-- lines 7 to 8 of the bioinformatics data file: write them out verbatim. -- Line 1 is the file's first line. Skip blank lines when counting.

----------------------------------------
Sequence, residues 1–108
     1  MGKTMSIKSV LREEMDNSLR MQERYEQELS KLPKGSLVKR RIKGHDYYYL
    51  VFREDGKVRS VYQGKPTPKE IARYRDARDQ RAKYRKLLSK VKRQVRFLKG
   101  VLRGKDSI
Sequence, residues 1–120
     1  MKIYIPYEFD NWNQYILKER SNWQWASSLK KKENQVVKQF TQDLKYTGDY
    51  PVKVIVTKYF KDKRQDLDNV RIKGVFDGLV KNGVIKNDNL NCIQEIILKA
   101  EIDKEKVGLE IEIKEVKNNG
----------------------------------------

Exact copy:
    51  PVKVIVTKYF KDKRQDLDNV RIKGVFDGLV KNGVIKNDNL NCIQEIILKA
   101  EIDKEKVGLE IEIKEVKNNG